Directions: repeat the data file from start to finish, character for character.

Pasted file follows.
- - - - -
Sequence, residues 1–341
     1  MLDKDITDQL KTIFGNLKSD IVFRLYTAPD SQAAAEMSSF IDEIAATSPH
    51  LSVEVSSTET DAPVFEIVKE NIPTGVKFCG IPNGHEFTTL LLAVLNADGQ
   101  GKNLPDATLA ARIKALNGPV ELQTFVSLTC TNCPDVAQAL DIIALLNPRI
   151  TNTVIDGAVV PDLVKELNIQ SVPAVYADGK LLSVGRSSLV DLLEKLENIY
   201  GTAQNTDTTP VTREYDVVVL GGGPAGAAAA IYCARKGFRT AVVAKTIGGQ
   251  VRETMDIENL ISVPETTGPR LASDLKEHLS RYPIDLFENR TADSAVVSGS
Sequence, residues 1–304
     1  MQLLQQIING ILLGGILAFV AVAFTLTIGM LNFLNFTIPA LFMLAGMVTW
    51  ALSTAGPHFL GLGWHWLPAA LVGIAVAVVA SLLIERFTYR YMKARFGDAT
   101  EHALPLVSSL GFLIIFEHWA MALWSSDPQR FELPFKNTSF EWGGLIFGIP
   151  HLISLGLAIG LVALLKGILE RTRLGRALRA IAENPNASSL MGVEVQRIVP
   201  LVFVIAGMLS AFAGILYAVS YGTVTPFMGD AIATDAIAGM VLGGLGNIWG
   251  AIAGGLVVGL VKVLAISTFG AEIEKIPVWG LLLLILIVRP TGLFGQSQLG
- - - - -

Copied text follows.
Sequence, residues 1–341
     1  MLDKDITDQL KTIFGNLKSD IVFRLYTAPD SQAAAEMSSF IDEIAATSPH
    51  LSVEVSSTET DAPVFEIVKE NIPTGVKFCG IPNGHEFTTL LLAVLNADGQ
   101  GKNLPDATLA ARIKALNGPV ELQTFVSLTC TNCPDVAQAL DIIALLNPRI
   151  TNTVIDGAVV PDLVKELNIQ SVPAVYADGK LLSVGRSSLV DLLEKLENIY
   201  GTAQNTDTTP VTREYDVVVL GGGPAGAAAA IYCARKGFRT AVVAKTIGGQ
   251  VRETMDIENL ISVPETTGPR LASDLKEHLS RYPIDLFENR TADSAVVSGS
Sequence, residues 1–304
     1  MQLLQQIING ILLGGILAFV AVAFTLTIGM LNFLNFTIPA LFMLAGMVTW
    51  ALSTAGPHFL GLGWHWLPAA LVGIAVAVVA SLLIERFTYR YMKARFGDAT
   101  EHALPLVSSL GFLIIFEHWA MALWSSDPQR FELPFKNTSF EWGGLIFGIP
   151  HLISLGLAIG LVALLKGILE RTRLGRALRA IAENPNASSL MGVEVQRIVP
   201  LVFVIAGMLS AFAGILYAVS YGTVTPFMGD AIATDAIAGM VLGGLGNIWG
   251  AIAGGLVVGL VKVLAISTFG AEIEKIPVWG LLLLILIVRP TGLFGQSQLG